So this issue of EFIing an old M10 motor comes up repeatedly from time to time and so I brought my thoughts about this together. I don’t know if there’s already a blog entry or write-up, so… sorry if repeating. Please feel free to add all your info, opinions and experience to make this a helpful content for later readers!
Talking about the reasons for EFI doesn’t make sense here I think. Let the pros-and-cons discussion take place somewhere else.
(This does not affect tiis with an intact system)
What kind of injection ever shall be installed, in any case you will need fuel supply. A 12 Volt electric fuel pump that provides a pressure of 2-3 bar (31-43.5psi) has to go into the car. I guess a lot of pumps will do this since various systems work with pressures in this range. You should find a good 2nd hand pump somewhere, so buying new isn’t the only option. Check for correct voltage, pressure, junction diameters and where to get connectors. Tii pumps have a delivery rate of 120ltr/hr and 1,5-2 bar pressure as the German manual says. These have an intake filter.
There are in-tank-pumps also. Use the search function for info about this, I haven’t seen the perfect solution yet. Be aware of the different heights the 2002 tanks have when looking for an in-tank. I prefer an out-of-tank pump because of better access and less fuel mess if to address.
Here are sending units. Left: roundies 46ltr.. 200mm. Middle: squaries 50ltr., 225mm. Right: tourings 51ltr/turbos 70ltr., 290mm.
The other ones are all mounted on the underside of the car as far as I have seen. You may install a tii or other fuel pump at the same spot where tiis have them from factory. Don’t choose an in-trunk-mounting. Some versions of foreign brands will require custom installation by fabricating brackets or clamps. Care for elastic elements to the body for noise reduction. Don’t forget an expansion barrel not too far away from the pump to smooth out flow and pressure impulses. Check if your pump has an integrated filter in the intake, otherwise install an in-line-filter before.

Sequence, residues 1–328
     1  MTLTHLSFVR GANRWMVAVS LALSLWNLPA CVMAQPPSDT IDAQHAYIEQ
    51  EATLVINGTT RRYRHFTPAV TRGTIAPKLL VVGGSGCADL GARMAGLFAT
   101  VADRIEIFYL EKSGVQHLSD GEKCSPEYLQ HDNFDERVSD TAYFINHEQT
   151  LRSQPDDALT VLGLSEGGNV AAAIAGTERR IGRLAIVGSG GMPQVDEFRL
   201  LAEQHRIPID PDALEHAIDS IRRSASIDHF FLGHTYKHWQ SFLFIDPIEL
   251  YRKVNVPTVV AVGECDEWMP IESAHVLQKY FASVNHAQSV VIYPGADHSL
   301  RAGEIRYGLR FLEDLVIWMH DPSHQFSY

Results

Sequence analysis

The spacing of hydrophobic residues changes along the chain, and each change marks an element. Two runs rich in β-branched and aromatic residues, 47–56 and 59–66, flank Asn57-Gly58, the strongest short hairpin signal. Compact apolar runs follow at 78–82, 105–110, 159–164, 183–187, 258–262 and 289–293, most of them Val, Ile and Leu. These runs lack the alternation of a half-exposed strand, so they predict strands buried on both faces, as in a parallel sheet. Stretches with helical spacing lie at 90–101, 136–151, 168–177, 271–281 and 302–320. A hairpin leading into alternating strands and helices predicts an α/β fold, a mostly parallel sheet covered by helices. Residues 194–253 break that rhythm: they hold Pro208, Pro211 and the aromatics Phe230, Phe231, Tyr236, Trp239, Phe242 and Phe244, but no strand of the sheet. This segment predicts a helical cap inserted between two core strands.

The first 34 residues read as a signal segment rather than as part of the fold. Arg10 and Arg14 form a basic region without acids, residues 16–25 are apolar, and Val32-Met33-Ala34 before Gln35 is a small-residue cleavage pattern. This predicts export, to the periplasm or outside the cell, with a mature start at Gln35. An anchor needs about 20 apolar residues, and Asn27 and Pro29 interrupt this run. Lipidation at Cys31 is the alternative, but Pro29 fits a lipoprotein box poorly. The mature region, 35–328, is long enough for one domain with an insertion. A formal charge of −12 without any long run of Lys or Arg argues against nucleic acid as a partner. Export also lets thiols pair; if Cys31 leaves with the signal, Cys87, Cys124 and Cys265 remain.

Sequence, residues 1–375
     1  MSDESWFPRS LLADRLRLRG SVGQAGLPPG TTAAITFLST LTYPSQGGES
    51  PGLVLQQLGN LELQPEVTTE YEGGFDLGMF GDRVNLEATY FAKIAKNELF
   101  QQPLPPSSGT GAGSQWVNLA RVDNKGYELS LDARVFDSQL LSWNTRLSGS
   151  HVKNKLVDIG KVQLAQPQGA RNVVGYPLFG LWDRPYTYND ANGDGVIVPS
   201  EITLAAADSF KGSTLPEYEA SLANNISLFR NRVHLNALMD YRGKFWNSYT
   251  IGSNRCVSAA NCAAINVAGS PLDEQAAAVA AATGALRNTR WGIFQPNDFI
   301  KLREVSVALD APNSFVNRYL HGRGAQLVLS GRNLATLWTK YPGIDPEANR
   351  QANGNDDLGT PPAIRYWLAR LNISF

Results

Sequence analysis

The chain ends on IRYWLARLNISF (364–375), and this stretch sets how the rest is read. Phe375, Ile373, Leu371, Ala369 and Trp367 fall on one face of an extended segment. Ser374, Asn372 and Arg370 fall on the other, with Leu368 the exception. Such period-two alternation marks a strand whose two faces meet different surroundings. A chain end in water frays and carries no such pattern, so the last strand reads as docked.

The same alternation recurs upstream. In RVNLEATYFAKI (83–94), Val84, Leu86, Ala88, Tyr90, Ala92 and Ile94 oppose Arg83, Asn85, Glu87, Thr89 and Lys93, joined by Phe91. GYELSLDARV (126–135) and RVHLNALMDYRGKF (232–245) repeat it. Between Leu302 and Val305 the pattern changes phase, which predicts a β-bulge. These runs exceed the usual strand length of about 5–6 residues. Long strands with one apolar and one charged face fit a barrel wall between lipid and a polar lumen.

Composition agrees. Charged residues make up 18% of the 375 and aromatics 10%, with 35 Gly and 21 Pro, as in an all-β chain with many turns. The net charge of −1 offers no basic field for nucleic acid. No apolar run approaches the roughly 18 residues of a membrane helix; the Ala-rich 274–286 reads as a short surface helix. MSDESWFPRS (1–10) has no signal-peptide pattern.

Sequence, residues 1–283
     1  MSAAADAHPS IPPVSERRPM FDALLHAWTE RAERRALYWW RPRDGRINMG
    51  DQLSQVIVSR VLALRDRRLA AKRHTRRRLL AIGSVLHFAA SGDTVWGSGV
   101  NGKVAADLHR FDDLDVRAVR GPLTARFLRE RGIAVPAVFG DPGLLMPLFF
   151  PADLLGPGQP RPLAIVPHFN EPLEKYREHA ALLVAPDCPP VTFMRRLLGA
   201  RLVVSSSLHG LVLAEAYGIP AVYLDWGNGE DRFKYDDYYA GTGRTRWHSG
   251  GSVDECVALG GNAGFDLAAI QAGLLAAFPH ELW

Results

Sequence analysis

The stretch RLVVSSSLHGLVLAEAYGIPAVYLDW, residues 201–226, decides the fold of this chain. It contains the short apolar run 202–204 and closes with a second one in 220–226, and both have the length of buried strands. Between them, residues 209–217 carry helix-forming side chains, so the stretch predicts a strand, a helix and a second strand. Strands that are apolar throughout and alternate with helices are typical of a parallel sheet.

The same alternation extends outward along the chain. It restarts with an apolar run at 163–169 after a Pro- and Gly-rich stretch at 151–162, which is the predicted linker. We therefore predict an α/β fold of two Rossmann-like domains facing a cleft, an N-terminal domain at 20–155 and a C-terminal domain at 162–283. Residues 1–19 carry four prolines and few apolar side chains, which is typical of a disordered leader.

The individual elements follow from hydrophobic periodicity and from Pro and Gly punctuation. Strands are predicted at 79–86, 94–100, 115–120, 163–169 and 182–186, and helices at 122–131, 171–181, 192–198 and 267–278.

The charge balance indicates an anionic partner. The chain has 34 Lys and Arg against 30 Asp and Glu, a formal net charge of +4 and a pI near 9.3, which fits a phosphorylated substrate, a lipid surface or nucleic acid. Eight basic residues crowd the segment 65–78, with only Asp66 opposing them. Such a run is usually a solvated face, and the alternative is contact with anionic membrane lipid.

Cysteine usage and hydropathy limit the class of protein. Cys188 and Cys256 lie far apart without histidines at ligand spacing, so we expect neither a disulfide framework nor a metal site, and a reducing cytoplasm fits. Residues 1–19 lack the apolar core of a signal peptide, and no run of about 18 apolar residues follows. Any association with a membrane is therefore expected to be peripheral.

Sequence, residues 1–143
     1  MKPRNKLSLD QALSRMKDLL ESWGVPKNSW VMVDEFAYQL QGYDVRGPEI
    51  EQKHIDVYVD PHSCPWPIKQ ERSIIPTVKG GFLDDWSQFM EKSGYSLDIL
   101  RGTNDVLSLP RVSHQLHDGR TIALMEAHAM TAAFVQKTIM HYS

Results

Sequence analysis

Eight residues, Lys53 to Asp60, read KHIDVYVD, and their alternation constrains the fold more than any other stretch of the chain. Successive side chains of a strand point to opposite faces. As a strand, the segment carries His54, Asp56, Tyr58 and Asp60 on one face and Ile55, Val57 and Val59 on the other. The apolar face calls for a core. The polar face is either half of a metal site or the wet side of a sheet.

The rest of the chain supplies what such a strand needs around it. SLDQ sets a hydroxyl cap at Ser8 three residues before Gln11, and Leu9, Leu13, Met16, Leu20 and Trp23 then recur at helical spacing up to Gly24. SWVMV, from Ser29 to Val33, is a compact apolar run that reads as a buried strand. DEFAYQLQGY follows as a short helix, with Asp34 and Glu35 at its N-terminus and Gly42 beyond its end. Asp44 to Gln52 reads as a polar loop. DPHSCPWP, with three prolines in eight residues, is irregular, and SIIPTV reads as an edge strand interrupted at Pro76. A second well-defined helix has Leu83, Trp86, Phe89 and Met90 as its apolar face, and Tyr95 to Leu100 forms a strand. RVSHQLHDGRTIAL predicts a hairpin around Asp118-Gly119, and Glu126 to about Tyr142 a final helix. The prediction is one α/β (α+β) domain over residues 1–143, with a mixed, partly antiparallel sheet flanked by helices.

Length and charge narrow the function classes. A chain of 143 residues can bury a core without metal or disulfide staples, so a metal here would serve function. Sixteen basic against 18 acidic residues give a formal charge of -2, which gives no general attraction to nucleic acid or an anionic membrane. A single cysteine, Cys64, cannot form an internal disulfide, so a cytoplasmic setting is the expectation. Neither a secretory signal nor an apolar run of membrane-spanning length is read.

The next step is the feed line. Tiis and -seemingly- all US-squaries have a metal tube leading from the left rear axle mount to the front end of the left frame rail below the battery. 73+ euro automatics have this, too. For tiis this is the feed line to the filter next to the radiator, for the carbed cars it’s the return line from the carburetor to the tank. The plastic line in the cabin is return for the tiis and feed for the carbureted. Check this one for usability anyway, it will carry some remaining pressure later. In case of doubt: renew. Do not install another plastic line parallel! Fuel pressure lines belong under the car.
Cars that don’t have the metal tube from factory can be equipped with this (tii-) version but do not trust 50-year old material. Buy this new, the risk of losing gas through a leaky tube isn’t worth saving some $. Plan a fine filter at the engine end of the feed line. I relocated mine underneath the battery because there’s not so much heat from the radiator.
The fuel pump sucks gas out of the fuel tank. Tiis have a separate pickup unit including return next to the sending unit for the gauge cluster. In these cases, the sending unit doesn’t have a pickup but just the electric junctions of the sender.
You may now find and install a tii fuel tank with pickup together with sieve and sender. This is a pretty easy and quick solution but wait for it until your tank is empty. If you want to stick to your just freshly refurbished tank you can modify it for the tii pickup:
You may go this route as an option:
Create a custom pickup (don’t forget a sieve) and using the sending unit as return. Remember the different lenghts of the sending units. Let the diameters of pump intake/filter and custom pickup match. Order new gas-resistant rubber hoses of required sizes, clamps etc.
Some squarie tanks should have a welded-in junction some similar to the one shown above, painted black. This one is not longer than its visible part and does not catch the bottom.